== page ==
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CT lasergrips; laser-aimers, shooting...

I owned a Taurus snub .357magnum Protector with a CT Lasergrip in 2004.
It worked well but you need to understand the limits & practical uses of laser aiming units.
Even Crimson Trace & the company instructors-cadre advise using the lasers to aid in marksmanship not replace it.
Green laser systems are better than the older red models but do not last as long.

Be aware of the training standards with laser-aimers or white lights & be ready to quickly adapt to NOT having them in a critical incident.
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Old November 13, 2012, 09:01 PM   #58
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Quote:
But...when the real deal happens, God forbid, I'm not going to be worried about anything other than stopping the threat.

Whatever I can use to improve my odds sounds good to me.
You believe that when the real deal happens that wasting time looking for a laser dot that isn't on the target, then randomly waving your firearm around trying to get a laser dot to appear on the target somehow improves your odds?

Have you ever done any Simunitions training against tagets actually moving and "attacking" you (heck, even paintball or those plastic BB's) to compare your performance with a laser against iron sights?
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Old November 13, 2012, 09:45 PM   #59
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See what I mean?
No, I do not "see." I read what you wrote, but beg to differ...

But thank you for asking.
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Old November 14, 2012, 01:02 AM   #60
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Personally, I am notably faster more accurate with the laser. I can aim a gun accurately with a laser without taking a full shooting stance.... shooting from the hip (as is necessary in many self defense situations). I can't do that with iron sights. Of course there is point shooting, but A laser is a heck of a lot more accurate than point shooting.

Quote:
You believe that when the real deal happens that wasting time looking for a laser dot that isn't on the target, then randomly waving your firearm around trying to get a laser dot to appear on the target somehow improves your odds?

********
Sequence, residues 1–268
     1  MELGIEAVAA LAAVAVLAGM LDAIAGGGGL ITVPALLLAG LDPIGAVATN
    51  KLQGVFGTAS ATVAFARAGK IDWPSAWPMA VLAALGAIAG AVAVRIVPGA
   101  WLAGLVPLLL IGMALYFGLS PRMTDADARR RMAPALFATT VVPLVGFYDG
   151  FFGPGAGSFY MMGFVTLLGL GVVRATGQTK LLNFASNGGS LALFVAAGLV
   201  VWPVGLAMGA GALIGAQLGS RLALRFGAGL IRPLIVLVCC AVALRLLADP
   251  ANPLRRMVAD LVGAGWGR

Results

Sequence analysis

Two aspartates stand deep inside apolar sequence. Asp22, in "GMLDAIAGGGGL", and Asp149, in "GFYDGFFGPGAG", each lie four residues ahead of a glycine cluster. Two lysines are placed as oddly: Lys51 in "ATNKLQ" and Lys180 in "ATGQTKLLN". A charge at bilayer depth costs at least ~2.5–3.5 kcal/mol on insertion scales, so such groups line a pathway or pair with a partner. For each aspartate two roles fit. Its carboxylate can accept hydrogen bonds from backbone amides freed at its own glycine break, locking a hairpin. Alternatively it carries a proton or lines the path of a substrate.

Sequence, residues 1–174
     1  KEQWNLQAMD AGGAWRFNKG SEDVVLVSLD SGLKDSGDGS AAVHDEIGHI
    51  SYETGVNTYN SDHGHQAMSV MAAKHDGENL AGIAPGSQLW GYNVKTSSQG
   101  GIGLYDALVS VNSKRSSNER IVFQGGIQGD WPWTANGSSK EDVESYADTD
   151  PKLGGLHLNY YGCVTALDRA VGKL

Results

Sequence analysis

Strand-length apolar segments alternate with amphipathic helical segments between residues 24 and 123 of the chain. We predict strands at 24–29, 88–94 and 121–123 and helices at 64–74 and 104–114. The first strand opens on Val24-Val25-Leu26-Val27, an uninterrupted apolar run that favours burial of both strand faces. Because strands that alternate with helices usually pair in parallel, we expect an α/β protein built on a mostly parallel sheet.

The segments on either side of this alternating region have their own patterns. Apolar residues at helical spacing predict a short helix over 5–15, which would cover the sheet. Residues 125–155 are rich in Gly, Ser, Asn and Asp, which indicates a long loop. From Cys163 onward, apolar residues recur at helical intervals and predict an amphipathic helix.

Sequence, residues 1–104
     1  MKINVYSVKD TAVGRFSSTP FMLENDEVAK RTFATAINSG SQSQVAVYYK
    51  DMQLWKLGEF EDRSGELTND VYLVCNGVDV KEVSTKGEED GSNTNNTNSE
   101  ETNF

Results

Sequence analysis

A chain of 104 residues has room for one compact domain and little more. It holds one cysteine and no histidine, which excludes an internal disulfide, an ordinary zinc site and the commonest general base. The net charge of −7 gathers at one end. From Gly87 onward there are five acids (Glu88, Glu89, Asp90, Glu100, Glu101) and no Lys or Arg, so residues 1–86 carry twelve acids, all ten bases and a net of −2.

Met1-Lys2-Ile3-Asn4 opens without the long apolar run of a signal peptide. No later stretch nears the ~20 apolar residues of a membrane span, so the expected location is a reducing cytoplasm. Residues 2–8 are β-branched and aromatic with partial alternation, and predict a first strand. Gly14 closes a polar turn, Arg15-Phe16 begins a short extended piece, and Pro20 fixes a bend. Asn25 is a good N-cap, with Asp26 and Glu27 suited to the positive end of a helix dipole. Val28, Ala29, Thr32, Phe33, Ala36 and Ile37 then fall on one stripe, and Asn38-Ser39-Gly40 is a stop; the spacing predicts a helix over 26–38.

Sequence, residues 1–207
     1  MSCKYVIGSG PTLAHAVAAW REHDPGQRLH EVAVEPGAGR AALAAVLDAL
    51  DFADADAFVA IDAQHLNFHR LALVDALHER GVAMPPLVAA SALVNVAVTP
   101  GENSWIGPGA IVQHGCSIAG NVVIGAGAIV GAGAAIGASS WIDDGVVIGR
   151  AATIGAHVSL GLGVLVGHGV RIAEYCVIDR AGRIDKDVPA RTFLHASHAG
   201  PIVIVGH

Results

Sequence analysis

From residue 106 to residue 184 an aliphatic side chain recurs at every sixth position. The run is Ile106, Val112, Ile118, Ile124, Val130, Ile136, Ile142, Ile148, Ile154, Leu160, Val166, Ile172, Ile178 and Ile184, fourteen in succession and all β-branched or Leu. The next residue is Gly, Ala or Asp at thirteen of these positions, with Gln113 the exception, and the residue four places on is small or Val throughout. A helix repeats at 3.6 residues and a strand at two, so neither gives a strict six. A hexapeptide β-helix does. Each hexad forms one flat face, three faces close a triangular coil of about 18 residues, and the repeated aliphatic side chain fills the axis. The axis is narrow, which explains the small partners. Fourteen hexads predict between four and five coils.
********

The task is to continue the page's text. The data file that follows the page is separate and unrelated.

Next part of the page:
45: You probably have a lot of experience with iron sights... sounds like you are a lot better with them than me. I do practice with them a lot more than I do lasers, but I'm far better with the laser. We're all different. However, there is a flaw in your reasoning above. If someone points the gun so poorly that they can't get their laser dot near the target when taking a stance without waving it around, then their front sight probably won't be near the target either, and they will have to wave the gun around in order to find it. I can always find the laser dot and put it on target quicker than I can line my irons up for a six o'clock hold. Seems like the dude who won the day at the league with the LC9 didn't have to wave the gun around much either.
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Old November 14, 2012, 02:27 PM   #61
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I wonder if any of the naysayers for laser sight use have eyesight so bad that with glasses on they can't see the sights and with glasses off they can't make out the target? I recently shot with a retired cop and contractor who specifically has a set of shooting glasses that has his dominant eye lens focused on the sights and his left lens focusing at normal target range. He was shooting without them that day and while he could put the rounds on target he was having difficulty picking up that front sight. It did help that it was the same platform he had carried on-duty for his professional years.